Words of a Generation: Singapore

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Guest post by Julia Wei, client director and consumer brand lead, Edelman Singapore. Watch the film series here

With Singapore’s National Day a week away, today we unveiled Words of a Generation – a series of intimate interviews featuring the personal observations and perspectives of 10 Singaporeans born in the 1970s on a diverse range of topics.

The ‘70s generation was the first generation born into Singapore as the economic powerhouse we know today. Their grandparents and parents lived through Singapore in its time as a British colony, the hardship of the Japanese occupation in World War II, the integration with and then breakaway from the Federation of Malaysia and, finally, when the nation gained its independence in 1965.

By the time the ‘70s generation came to be, Singapore had rapidly achieved its status as a world leader in shipping, air transport and oil refining. This was also the time when the Singapore government launched significant new population control initiatives such as the ‘Stop at Two’ campaign which incentivised families to have no more than two children. In the early 1980s, Singapore also introduced ability-based programmes in the education system such as ‘streaming’ in schools – where students were categorised into different groups according to their academic capabilities so that teaching could be done at a pace manageable to them – as well as the Gifted Education Programme, which was offered in select schools to develop intellectually gifted children to their top potential.

This truly was the generation that Singapore pinned its hopes for the future on and which would be groomed for every drop of its potential. This progress was further accelerated in their teens and early adult youth with the rise of the digital age. The 1970s generation was set up for success. And succeed they did. But at what cost?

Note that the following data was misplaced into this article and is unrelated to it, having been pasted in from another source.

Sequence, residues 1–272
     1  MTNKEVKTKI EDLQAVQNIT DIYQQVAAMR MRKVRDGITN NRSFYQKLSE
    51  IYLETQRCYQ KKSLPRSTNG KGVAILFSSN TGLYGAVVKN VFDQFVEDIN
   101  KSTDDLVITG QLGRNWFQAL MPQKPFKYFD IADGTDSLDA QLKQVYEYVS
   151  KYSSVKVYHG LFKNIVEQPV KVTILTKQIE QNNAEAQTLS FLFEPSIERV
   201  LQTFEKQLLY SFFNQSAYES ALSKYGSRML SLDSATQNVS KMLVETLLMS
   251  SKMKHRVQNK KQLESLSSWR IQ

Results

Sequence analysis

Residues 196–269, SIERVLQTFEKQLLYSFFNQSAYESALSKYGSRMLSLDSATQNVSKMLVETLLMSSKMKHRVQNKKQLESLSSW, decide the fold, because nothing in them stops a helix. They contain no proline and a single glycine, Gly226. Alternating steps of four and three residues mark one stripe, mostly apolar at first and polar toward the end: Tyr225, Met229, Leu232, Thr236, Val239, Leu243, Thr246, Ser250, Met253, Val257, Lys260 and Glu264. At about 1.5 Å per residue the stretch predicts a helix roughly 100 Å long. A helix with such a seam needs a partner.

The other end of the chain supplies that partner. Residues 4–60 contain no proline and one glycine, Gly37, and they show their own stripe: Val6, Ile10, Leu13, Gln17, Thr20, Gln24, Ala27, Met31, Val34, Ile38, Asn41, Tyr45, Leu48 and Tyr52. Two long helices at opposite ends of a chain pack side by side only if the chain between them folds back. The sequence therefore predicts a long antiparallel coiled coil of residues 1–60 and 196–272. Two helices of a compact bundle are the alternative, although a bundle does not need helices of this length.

In our interviews with these 10 participants from diverse backgrounds we explore their perspectives around the topics of Love, Work, Explore, Play, Consume, Dream and Connect – all of which provide honest and heartfelt insight into the joys and struggles of their childhood, their relationships as the ‘in between’ generation with their parents as well as their children, and moments where some of the ‘70s generation may have, quite frankly, ‘slipped through the cracks’ – in their own words.

I am thrilled by the results of this project and pleasantly surprised by the self-awareness and depth of the responses from our Singapore interviewees. The ‘70s generation continues to bridge gaps between the ages, strives to be adaptive and wants to work for change. A guinea pig for technology past, they even describe themselves as counselors for tomorrow.

The Singapore edition is the second of six installments of our Words of a Generation series – a research and short film project designed to provide a personal window into the lives of people who have lived through and are pushing rapid transformation in society. The series, which began in China with 28 people from China’s ‘70s generation, is expanding over the course of the year to document the personal stories and perspectives of 50 people from change generations in five additional countries: Singapore, Malaysia, Vietnam, Indonesia and India.

I’d like to thank David Brain and Cornelia Kunze for their senior direction and counsel on this project, Amanda Mooney – our strategic planner in Shanghai who produced the films, Jayga Rayn our talented filmmaker, Marion Yong – our irreplaceable researcher and production assistant and all our 10 wonderful interviewees who opened up their homes and their hearts to us.

Julia Wei

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